Is Your Spring Cleaning Stuck in the 20th Century?

Annie B. Bond by Annie B. Bond | February 23rd, 2011 | 17 Comments
topic: Green Living, Healthy Home

sexy nature cleaner

Using toxic chemicals is so last century. If you’re still doing your spring cleaning the same way you always have, this is the year to change it up — and save money in the process. Make these five updates and clean the house top to bottom without taking a toll on your health or your wallet.

1. Sterilize using UV rays


Ultraviolet light kills 99.9 percent of viruses (including H1N1), bacteria (including MRSA), dust mites and bed bugs with a magical wave of a UV Sterilizing Wand. The one pictured here is cordless and works on virtually every surface in your home, from kitchen and bathroom surfaces to your kids’ toys.

2. Redecorate your mop closet in green

Seventh Generation All-Purpose Cleaner

Cleaning solutions running low after a long winter’s nap? Replace them with nontoxic, eco-friendly cleaners, such as those by Seventh Generation. One way to know how safe a household cleaner is? Look for “signal words” or “warning words” on the label. They’re placed there by order of the federal government, primarily for helping you protect your family’s health. Examples of signal words include:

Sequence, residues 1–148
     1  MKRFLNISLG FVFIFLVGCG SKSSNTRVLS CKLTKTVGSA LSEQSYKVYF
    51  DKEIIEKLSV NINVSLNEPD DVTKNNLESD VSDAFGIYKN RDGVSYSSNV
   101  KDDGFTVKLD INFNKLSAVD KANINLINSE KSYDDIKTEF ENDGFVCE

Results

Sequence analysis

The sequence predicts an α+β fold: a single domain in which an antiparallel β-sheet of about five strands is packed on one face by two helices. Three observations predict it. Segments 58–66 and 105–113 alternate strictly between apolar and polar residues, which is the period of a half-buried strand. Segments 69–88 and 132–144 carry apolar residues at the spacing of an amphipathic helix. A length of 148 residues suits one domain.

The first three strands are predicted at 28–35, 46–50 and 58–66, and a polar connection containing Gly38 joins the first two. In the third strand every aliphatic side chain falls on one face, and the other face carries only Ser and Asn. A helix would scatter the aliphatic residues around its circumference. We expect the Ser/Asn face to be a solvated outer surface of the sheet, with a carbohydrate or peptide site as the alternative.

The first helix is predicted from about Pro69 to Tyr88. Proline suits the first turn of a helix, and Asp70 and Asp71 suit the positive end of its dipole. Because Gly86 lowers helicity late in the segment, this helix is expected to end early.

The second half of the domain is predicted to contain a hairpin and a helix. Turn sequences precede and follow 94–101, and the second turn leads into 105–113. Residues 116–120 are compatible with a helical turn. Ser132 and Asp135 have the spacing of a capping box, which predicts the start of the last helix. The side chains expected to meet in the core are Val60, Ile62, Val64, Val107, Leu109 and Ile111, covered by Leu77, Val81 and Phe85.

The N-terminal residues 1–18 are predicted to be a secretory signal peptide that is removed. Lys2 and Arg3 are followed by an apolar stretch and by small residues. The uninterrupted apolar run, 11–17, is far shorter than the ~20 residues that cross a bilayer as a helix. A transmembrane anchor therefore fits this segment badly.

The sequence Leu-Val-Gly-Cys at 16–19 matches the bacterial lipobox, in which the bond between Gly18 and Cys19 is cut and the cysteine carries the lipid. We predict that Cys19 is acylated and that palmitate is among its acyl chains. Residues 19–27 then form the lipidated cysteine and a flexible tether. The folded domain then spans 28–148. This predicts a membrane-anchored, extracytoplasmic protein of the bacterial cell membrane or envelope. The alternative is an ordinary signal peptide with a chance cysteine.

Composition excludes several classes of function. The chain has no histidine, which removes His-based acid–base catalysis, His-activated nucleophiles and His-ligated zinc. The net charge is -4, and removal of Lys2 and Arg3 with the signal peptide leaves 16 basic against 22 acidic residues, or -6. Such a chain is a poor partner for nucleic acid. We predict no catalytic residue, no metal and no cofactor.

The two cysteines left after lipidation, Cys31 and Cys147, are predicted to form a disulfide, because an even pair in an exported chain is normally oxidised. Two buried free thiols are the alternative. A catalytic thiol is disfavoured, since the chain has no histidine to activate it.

POISON/DANGER: very toxic; just a few drops could kill you.
WARNING: moderately toxic; as little as a teaspoonful is lethal.
CAUTION: less toxic; two tablespoons to a cup could do you in.

3. Get a good doormat


The easiest way to clean your floors? Keep them from getting dirty in the first place! A doormat is the first line of defense to keep dirt out of your home, saving you time and money. You’ll be amazed at how much less dirt is tracked into the house. Plus, shoes are repositories for pesticides and heavy metals such as lead — so a good brushing of the soles at the door will help reduce exposure. And it’s easy to find eco-friendly varieties: the one pictured at right is made from recycled flip-flops, or try one made from re-purposed marine rope.

4. Try microfiber cleaning cloths

Microfiber MopMicrofiber cleaning cloths are eco-friendly because you can clean using just a small amount of water — no chemicals, no paper towels or other disposables. Microfiber cloths thoroughly remove dust, allergens and bacteria. Want to tackle your floors? Try microfiber floor mops.

5. Trade chemicals for steam

Steam CleanerSteam cleaning is a very effective way to clean to clean tile, grout, shower doors and appliances using zero chemicals — only water. These all-purpose appliances use steam at temperatures of 240° and are designed to kill germs, viruses, bed bugs and more.


  1. I hadn’t heard of using UV rays yet. Though it makes perfect sense now that I’ve read about it here. And steam cleaning too! Fabulous ideas. I’m always looking for new safe ways to clean without toxic household products. Thank you!